Why You Don’t Need to Sterilise Your Soil

Why You Don’t Need to Sterilise Your Soil

Since the beginning of the COVID-19 pandemic triggered what’s been called a “global garden boom,” there has been a renewed interest in various methods and strategies for improving growing conditions for houseplants and outdoor gardens alike.

One example of this is “sterilising” soil. It makes sense that this preparation technique took off when people were spending more time at home than usual, and there was a general concern over sanitation and sterilisation, but is it really necessary? Here’s what to know.

What’s the purpose of sterilising soil?

The idea behind sterilising soil is to eliminate any soil-borne pests, diseases, and weeds that it may contain, in order to give whatever is planted in that soil — seedlings, in particular — the best chance of surviving and thriving.

According to horticulture experts at the PennState Extension, seeds need “adequate moisture and optimum temperatures” to germinate. Unfortunately, this also provides the ideal conditions for the spread of soil-borne disease, including a common fungal infection known as “damping-off,” which can kill or weaken seedlings.

Soil sterilisation is also often recommended for potting or repotting plants of any age, as the process can make them vulnerable to some of the pests, pathogens, or weeds living in the soil.

What, exactly, is ‘sterile soil’?

There are a few things we need to clarify. First, most of the new, ready-mixed potting soil and soilless potting mixes available in stores have already been treated with heat, chemicals, or steam, and are considered sufficiently sterile. If you use the new soil straight out of the bag, there’s no need to sterilise it a second time.

When gardening experts recommend sterilising your soil, they’re typically referring to reusing old soil from your garden, potted plants, or other sources, after treating it at home using one of the methods described below.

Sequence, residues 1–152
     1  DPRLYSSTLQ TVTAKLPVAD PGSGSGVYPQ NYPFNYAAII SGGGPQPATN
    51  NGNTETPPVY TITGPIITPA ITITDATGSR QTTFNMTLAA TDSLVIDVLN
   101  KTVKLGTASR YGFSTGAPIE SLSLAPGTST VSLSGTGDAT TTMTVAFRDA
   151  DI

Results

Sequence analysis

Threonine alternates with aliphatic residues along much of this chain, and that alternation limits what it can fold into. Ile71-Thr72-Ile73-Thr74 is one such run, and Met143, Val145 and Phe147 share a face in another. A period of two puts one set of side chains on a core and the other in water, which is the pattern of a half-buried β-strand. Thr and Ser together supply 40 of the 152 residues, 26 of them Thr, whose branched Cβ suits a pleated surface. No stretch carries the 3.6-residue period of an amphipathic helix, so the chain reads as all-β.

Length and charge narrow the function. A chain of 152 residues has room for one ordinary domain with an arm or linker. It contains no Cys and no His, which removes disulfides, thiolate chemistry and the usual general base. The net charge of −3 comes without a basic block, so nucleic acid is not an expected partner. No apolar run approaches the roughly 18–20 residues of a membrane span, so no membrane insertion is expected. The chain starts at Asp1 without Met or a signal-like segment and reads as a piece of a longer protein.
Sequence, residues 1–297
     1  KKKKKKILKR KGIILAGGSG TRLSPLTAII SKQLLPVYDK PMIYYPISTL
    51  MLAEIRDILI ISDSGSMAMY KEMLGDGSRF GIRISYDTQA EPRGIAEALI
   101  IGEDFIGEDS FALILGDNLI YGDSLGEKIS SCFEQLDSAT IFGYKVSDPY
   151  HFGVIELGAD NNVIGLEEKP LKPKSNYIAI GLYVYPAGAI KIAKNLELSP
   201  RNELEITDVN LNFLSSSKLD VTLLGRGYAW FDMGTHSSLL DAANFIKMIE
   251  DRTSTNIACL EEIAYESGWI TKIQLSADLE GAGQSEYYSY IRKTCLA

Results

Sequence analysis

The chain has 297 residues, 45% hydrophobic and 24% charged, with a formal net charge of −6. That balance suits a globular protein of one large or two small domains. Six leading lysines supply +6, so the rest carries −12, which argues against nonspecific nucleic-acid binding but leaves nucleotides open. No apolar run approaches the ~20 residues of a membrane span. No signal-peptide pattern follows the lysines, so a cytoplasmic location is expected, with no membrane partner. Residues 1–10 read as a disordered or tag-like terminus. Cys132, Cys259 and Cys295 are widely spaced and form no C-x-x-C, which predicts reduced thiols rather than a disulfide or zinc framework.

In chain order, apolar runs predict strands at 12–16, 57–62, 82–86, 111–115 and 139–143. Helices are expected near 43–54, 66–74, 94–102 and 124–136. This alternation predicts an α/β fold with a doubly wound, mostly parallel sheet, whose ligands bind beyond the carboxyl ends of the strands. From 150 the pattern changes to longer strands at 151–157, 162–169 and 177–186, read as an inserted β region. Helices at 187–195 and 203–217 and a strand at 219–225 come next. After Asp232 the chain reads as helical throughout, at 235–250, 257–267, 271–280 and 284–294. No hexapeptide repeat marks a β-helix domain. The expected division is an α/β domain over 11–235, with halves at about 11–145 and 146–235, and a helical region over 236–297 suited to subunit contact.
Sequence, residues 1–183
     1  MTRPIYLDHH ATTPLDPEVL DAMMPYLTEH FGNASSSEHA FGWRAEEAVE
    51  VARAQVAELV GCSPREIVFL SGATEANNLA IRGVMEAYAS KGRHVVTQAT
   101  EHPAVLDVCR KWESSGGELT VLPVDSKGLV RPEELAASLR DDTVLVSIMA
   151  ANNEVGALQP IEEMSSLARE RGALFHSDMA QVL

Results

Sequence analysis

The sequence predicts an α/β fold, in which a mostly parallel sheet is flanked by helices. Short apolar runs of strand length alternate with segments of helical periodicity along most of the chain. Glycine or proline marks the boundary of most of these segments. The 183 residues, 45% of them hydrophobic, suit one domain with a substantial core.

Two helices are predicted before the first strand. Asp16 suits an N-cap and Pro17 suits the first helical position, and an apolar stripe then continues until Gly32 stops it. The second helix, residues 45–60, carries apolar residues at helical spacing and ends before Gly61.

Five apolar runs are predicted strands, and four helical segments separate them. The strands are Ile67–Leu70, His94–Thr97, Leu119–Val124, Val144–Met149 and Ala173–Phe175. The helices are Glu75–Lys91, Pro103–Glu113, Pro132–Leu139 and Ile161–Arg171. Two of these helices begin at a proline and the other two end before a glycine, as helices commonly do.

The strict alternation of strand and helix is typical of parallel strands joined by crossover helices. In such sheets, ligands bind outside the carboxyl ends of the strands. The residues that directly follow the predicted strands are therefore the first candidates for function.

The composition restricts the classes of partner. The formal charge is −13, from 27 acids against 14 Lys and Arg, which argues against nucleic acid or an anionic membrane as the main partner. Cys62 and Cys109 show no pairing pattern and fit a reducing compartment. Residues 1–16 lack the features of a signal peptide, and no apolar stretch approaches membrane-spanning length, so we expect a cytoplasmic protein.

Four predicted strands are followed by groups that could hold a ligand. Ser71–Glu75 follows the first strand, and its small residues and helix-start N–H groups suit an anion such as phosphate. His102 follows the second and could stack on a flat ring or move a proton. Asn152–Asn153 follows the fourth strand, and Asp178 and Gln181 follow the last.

But regardless of how and where the soil was sterilised, it doesn’t stay that way for long: Unless you’re working in a completely sterile laboratory, as soon as the soil comes in contact with your hands, tools, or a pot, it becomes contaminated.

That’s why Robin Sweetser, a professional gardener and longtime contributor to The Old Farmer’s Almanac and the All-Seasons Garden Guide, suggests thinking of the soil as being “pasteurised” rather than “sterilised.”

How do you sterilise soil?

Articles discussing at-home soil sterilization typically recommend one or more of the following methods:

As you can imagine, some of these techniques are more expensive, time-consuming, and labour-intensive than others. There are also other factors to consider, like the terrible smell that fills your home when you bake soil in the oven, and which method is best for the amount of soil you want to sterilise.

Can DIY sterilisation harm soil?

There are risks involved with overcooking the soil, Sweetser explains, including causing damage to plants known as “phytotoxicity,” which can suppress germination and kill young seedlings. She also points out that “soil is a living thing, full of beneficial microorganisms,” and at-home sterilization methods tend to get rid of the helpful parts of the soil along with those that may be harmful to plants.

Plus, if the soil doesn’t have enough moisture when you start the sterilization process, it can result in chemical changes that make it water-repellent, and therefore, incapable of sustaining plant life.

It’s also important to know that not all soil can be heat-treated. For example, if you’re working with potting soil that contains perlite (those small white balls), heating it can produce toxic levels of fluoride.

Is sterilising soil really necessary?

Ultimately, Sweetser concludes that sterilising your secondhand soil at home isn’t worth it — especially when newly purchased potting soil doesn’t require that kind of treatment. She also points out that sufficiently sterilized soil is really only necessary for seed-starting. For everything else, Sweetser reuses old potting mix, as long as the plants that once grew it in were healthy.

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